Personally, I have not been a big fan of Philip Glass and his “minimalistic” approach to music, often finding that listening to many of his passages is akin to enduring Chinese water torture.

I was largely confirmed in that opinion when I attended a “Met in HD” performance last season of the composer’s 1979 homage to Gandhi entitled “Satyagraha” (“Insistence on Truth”). It was a visually amazing production to be sure, populated at times by giant puppets. But, at a Wagnerian length of 5+ hours, the incessant minimalistic droning patterns in this work were maddening, even while they proved bizarrely compatible, in a way, to the patterns of classical Indian music.

That said, I’d refer back to my earlier thoughts above on Virginia Opera’s “Orphée.” Clocking in at a far more manageable length than “Satyagraha,” that company’s outstanding production was snappy and deco-contemporary. It was a perfectly appropriate approach and style for this work, given that the opera is based not so much on the Greek myth as on Jean Cocteau’s somewhat precious and self-absorbed celluloid triptych based on that story.

Glass’ music, minimalist still, seemed somehow more polished, more interesting and more intense in “Orphée.” Quite by surprise, I found myself attracted to the whole thing−which I rather like when I attend something new and find that my jaundiced preliminary opinion is utterly shattered. It keeps life interesting. It keeps a critic out of a rut.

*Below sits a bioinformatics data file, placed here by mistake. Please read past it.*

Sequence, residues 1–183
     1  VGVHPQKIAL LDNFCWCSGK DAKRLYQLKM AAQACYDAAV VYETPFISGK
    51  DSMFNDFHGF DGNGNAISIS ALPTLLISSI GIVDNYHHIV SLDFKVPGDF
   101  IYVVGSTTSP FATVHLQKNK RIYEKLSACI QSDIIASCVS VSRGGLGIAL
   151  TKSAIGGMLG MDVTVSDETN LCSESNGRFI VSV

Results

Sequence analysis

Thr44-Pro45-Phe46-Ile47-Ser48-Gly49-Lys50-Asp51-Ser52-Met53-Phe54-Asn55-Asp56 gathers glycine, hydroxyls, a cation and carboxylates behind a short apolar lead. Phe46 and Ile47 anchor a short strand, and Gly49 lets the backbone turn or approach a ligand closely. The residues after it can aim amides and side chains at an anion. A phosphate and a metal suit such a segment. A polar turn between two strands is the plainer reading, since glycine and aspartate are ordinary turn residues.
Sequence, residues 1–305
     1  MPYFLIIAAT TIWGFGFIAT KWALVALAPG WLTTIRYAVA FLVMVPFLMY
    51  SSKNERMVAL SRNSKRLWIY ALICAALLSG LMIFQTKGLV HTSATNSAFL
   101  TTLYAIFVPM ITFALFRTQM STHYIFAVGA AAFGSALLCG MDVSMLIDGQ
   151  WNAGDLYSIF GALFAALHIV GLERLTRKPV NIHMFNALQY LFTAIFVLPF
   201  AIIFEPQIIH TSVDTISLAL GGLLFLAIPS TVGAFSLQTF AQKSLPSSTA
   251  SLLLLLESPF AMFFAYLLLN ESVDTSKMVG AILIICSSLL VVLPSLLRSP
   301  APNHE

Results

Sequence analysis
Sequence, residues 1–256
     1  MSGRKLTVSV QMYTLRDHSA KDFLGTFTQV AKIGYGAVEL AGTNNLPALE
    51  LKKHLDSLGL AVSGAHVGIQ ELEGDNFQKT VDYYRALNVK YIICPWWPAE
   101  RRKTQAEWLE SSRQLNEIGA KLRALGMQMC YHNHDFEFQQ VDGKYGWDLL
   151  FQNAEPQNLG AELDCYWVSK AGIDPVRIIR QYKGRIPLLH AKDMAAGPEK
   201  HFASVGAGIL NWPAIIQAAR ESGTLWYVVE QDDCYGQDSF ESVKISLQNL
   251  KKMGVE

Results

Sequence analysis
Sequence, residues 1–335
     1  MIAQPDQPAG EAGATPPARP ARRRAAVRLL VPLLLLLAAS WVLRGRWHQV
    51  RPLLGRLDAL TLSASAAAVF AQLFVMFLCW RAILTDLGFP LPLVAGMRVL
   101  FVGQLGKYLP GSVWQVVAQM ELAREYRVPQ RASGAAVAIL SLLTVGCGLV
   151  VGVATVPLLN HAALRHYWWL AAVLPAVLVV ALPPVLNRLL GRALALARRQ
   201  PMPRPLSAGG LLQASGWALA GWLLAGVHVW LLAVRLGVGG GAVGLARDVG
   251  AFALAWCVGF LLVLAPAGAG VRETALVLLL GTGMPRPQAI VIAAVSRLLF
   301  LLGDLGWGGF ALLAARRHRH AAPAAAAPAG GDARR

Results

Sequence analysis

Which is to say, we shouldn’t run away from this one just because we haven’t heard it or “know” we don’t like it. Instead, we should choose to try it on for size. There must have been a reason that the composer put considerable effort into re-doing so much of his original concept for “Appomattox.” It should be interesting to see what he’s done and why.

From the press release:

“Cast members take on dual roles to tell Glass and [librettist Christopher] Hampton’s powerful story. Bass-baritone David Pittsinger (WNO’s “Florencia in the Amazon” and “The Magic Flute”) is Robert E. Lee and Edgar Ray Killen, baritone Richard Paul Fink is Ulysses S. Grant and Nicholas Katzenbach [remember him?], and baritone Tom Fox sings the roles of two presidents, Abraham Lincoln and Lyndon B. Johnson. Former Domingo-Cafritz Young Artist and rising star [I think he actually is a star] bass Soloman Howard is Frederick Douglass and Dr. Martin Luther King, Jr., while soprano Melody Moore (WNO’s Florencia in the Amazon) sings the roles of Julia Grant and [murdered civil rights worker] Viola Liuzzo and tenor Robert Brubaker is Wilmer McLean and J. Edgar Hoover [the villain in this act?] in his WNO debut.”

This second premiere is directed by Tazewell Thompson. New sets are designed by Donald Eastman, with costume designs of Merrily Murray-Walsh, clearly one of the coolest names I’ve heard in some time. WNO adds that the WNO orchestra will be under the baton of “American conductor Dennis Russell Davies, a noted champion of the music of Philip Glass, in his WNO debut.”

“Hansel and Gretel” (Dec. 12-20, 2015, Terrace Theater)

It’s ba-a-a-ack! We’re talking about Engelbert Humperdinck’s classic “Hansel and Gretel,” an opera that is frequently presented around the world at Christmas time.

Hansel and Gretel still.